The Real Estate Investment Network (REIN) is releasing the inaugural REIN’s University Effect: A Report for Rental Housing Providers, describing for the first time how university campuses influence real estate rents, prices, values, and investment potential upward.
“What makes this report ground-breaking is its ability to help investors make the most out of the colossal demand for student housing while also highlighting the role millennials are playing in this huge niche market. It may be a challenge for some, but it is definitely an opportunity for astute investors to strengthen their portfolio and protect it from risk and devaluation in weaker or unstable markets,” says Don R. Campbell, Senior Real Estate Analyst for REIN.
According to the report, average house prices increase by one per cent for every kilometre closer to a university. This is due to high student housing demand especially within 400 metres, or no farther than a 30-minute transit commute, from a university campus.
REIN states that public post-secondary institutions in Canada currently have insufficient facilities to accommodate majority of its students with most universities allotting their already limited housing supply to first-year students.
The report illustrates the widespread lack of student housing across the country stating “[a] mere three per cent of Canadian university students live in purpose-built, off-campus housing. Therefore, 97 per cent need housing in the public rental pool.”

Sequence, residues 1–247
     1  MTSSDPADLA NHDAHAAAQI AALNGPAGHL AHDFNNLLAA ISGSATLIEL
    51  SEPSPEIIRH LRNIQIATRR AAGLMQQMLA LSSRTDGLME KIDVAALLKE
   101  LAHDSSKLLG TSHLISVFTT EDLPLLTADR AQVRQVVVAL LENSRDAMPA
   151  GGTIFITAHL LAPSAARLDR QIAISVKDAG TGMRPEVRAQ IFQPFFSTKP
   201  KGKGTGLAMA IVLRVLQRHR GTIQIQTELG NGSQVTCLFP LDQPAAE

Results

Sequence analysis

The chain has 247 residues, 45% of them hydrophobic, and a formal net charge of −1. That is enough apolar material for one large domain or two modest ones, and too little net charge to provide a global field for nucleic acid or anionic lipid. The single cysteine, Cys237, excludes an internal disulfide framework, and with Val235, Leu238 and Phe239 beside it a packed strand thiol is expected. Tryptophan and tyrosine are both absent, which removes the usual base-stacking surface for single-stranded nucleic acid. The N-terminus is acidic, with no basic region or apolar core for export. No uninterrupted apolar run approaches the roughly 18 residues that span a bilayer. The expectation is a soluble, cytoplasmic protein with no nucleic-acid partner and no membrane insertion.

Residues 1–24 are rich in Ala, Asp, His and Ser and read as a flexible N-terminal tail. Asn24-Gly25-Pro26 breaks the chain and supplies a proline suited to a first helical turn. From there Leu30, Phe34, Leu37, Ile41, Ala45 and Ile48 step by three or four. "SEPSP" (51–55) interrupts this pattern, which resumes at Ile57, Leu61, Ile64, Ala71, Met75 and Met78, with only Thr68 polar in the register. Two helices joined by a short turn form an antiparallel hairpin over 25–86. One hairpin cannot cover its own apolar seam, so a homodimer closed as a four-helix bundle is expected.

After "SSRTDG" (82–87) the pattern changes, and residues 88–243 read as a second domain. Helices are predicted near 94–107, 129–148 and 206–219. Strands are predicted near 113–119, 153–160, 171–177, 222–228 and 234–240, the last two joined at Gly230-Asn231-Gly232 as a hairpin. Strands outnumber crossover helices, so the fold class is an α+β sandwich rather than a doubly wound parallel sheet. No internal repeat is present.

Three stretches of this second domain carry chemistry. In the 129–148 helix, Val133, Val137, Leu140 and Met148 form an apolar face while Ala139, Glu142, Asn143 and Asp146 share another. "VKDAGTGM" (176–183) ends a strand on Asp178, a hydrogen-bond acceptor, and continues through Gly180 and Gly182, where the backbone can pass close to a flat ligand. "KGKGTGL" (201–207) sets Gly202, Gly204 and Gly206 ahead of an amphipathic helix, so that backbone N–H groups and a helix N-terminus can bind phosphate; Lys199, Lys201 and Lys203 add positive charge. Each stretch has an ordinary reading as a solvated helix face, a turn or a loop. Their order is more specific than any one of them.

In 2018, Canadian post-secondary students exceeded 1.5 million and enrolment rates are still rising, especially among international students. International student enrolment rates increased by 52 per cent in the same year, while Toronto, Montréal, and Vancouver share more than half of its student pool.
“Canada has a growing reputation as a safe and welcoming country with excellent yet affordable post-secondary education, and the federal government is increasing its reach to foreign students,” says REIN.
“REIN’s research effectively decoded the University Effect by explaining exactly what makes student housing tick based on a thorough understanding of its economic fundamentals as described in REIN’s Long-Term Real Estate Success Formula. What’s more interesting is the fact that millennials make up most of the student population whether domestic or international and this is good news for rental housing providers interested in meeting the unique housing preferences of this influential generation,” says Jennifer Hunt, Vice President of Research and Events, REIN.
The report suggests a variety of tips for rental housing providers to meet the needs of students. “Gone are the days of utilitarian amenities and sparse furnishings. Current student housing demands are now all about lifestyle including resort-style living with free coffee in the lobby, granite countertops, hardwood floors, and stainless-steel appliances, bathrooms attached to every bedroom, roof-top patios with barbeques, and outdoor pools,” says the report.
REIN also introduces two new methodologies – REIN’s University Hot Zone and REIN’s University Goldmine Scorecard – which investors can use to determine whether student housing is ripe for investment potential.
The University Hot Zone serves as a filter to screen which universities qualify for an investment “hot zone” and therefore warrants further research. REIN’s University Goldmine Scorecard is a thorough checklist to help investors decide on whether to enter the student housing market in a specific area close to a university.
REIN applied its University Hot Zone to a number of Canadian universities and the ones that passed, meriting further diligence for potential investors, include:
University of British Columbia – Okanagan (UBCO)
Simon Fraser University – Surrey & Burnaby Campuses (SFU)
University of Alberta (U of A)
University of Calgary (U of C)
University of Lethbridge (U of L)
University of Saskatchewan (U of S)
University of Manitoba (U of M)
University of Ottawa (U of O)
University of Toronto (U of T)
University of Prince Edward Island